Be a servant leader

Having been down in the trenches for so long, you have a unique perspective. What did you wish your managers had done for you? What did you wish they knew about you?

Now you can put into practice the things you wanted from your old managers. Now is your chance to become, in the words of Robert K. Greenleaf, a servant leader: a servant first, a leader second.

Say things that are worth hearing

At long last, people are listening to you. It wasn’t easy to get their attention; it’s even harder to hold onto it. Don’t waste your opportunity by saying things that are self-serving, manipulative, or deceptive.


These thoughts were prompted by two baseball teams — the Chicago Cubs and Cleveland Indians — who’ve just qualified for the World Series and who’ve gone a very long time since winning their last championships (1908 and 1948, respectively).

Over the next few days the Cubs and the Indians will try to make the most of the opportunity they have. After decades in the darkness, they’re in the limelight. I can’t wait to see how they’ll respond.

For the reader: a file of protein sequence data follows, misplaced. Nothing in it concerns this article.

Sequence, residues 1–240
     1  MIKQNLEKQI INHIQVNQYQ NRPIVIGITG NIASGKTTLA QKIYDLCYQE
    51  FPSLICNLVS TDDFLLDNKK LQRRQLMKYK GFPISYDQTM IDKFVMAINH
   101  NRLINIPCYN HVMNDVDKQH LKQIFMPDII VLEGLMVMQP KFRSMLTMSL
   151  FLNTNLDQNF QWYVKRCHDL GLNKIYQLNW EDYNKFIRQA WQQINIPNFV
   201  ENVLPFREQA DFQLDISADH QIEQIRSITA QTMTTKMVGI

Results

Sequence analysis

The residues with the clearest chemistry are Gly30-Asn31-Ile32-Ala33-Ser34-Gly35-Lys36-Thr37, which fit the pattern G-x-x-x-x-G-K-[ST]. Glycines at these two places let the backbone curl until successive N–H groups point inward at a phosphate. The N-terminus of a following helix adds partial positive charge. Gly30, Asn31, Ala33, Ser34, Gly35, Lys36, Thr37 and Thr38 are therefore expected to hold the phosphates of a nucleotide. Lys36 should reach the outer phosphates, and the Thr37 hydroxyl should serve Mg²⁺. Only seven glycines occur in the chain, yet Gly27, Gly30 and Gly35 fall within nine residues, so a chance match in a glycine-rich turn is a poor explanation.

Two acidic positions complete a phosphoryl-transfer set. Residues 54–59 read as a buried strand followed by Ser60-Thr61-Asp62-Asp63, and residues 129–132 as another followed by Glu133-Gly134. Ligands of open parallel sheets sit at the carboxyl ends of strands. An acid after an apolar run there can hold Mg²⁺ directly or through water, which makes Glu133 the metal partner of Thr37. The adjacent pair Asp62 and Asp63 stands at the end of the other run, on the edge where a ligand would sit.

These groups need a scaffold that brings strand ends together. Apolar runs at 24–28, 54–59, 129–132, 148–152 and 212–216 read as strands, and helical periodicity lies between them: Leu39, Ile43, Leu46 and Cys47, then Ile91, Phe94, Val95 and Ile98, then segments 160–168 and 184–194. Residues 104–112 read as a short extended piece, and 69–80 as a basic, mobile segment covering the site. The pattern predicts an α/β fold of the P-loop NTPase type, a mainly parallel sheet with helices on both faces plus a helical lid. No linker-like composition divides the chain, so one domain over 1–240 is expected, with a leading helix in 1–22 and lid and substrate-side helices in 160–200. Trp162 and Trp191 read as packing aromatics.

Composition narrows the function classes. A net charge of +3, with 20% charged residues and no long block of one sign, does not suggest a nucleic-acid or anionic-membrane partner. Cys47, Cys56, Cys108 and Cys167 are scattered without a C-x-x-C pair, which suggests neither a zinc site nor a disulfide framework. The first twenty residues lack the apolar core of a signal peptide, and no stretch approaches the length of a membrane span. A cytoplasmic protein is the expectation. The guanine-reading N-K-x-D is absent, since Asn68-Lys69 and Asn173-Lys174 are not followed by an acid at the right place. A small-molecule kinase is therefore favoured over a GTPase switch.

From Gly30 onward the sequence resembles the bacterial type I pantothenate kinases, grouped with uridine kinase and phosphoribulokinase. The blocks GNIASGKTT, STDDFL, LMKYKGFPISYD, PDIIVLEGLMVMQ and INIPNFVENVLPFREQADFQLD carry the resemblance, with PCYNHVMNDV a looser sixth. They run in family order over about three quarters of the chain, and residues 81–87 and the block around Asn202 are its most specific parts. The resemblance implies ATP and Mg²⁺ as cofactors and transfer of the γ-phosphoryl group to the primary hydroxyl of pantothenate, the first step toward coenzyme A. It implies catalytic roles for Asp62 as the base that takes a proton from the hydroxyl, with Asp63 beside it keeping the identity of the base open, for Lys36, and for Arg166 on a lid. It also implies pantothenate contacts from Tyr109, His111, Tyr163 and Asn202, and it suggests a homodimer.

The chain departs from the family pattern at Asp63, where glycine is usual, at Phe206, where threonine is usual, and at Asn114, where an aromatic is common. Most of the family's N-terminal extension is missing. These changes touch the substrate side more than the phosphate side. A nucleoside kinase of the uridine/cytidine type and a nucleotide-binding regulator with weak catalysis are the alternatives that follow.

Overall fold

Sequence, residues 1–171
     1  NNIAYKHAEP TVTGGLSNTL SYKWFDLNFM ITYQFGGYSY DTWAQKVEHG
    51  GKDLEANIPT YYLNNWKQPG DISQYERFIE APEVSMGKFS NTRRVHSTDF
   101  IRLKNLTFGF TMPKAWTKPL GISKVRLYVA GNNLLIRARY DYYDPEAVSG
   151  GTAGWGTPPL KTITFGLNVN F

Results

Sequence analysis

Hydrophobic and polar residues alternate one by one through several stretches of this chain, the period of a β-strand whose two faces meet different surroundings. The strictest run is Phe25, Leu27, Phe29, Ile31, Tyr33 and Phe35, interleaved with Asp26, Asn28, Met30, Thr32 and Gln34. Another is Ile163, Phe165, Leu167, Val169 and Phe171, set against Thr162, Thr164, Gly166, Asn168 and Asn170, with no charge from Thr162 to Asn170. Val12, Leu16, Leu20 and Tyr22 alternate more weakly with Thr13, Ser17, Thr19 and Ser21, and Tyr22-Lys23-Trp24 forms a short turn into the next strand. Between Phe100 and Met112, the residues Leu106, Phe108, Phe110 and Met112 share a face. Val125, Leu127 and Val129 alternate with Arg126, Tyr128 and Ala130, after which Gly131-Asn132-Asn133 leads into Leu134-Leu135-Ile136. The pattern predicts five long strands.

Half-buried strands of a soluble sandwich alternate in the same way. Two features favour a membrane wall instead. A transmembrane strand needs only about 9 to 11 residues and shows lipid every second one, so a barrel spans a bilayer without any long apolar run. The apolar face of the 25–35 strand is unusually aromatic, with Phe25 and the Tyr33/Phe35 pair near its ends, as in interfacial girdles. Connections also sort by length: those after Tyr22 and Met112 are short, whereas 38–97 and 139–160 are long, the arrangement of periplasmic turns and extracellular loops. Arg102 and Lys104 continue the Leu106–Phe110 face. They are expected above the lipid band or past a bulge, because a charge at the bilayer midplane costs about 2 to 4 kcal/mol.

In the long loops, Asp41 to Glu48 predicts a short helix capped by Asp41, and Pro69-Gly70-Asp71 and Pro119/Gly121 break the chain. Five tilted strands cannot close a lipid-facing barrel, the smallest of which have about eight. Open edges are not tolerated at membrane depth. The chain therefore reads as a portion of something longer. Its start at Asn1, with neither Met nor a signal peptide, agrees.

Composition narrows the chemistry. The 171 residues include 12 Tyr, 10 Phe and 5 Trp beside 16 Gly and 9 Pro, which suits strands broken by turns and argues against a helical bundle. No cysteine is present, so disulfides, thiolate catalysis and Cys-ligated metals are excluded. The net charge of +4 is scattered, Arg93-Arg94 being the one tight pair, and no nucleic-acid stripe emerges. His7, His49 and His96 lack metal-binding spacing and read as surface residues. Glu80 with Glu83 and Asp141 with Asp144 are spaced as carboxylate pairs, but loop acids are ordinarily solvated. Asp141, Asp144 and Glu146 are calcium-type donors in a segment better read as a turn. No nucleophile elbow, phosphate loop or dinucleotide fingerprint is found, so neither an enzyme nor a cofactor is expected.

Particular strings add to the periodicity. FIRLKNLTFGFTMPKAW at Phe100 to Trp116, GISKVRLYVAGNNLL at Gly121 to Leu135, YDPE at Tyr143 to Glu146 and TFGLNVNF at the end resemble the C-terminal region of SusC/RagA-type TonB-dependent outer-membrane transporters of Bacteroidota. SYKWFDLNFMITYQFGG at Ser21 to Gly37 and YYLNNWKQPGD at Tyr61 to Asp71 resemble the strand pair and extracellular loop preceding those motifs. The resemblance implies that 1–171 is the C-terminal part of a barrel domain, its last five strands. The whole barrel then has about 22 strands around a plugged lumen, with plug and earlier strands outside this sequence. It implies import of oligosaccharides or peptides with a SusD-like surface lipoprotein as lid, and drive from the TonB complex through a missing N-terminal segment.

What about you? Did you ever find yourself in the limelight after years in darkness? What did you do with your opportunity?

I love the challenge of describing things

I enjoy turning the spotlight on people who are great communicators. One of the best is about to retire.

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Vin Scully at work. Man, I wish my office had a view like this. (Image source: ESPN)

This weekend, Los Angeles Dodgers play-by-play announcer Vin Scully will call his last game. Since 1950 (that’s not a typo) baseball fans — not just Dodger fans, but all of us — have fallen under the spell of Scully’s warm baritone voice.

During a celebration in his honor, Scully said, “I really love baseball. The guys and the game, and I love the challenge of describing things.”

Describing things. Isn’t that what all of us — anyone who has written a user guide or tutorial, anyone who has created technical art or instructional videos — try to do? No one does it better than Vin Scully.

In fact, it’s not a stretch to say that he’s a model for technical communicators.

Pull up a chair, and let me explain what I mean. Continue reading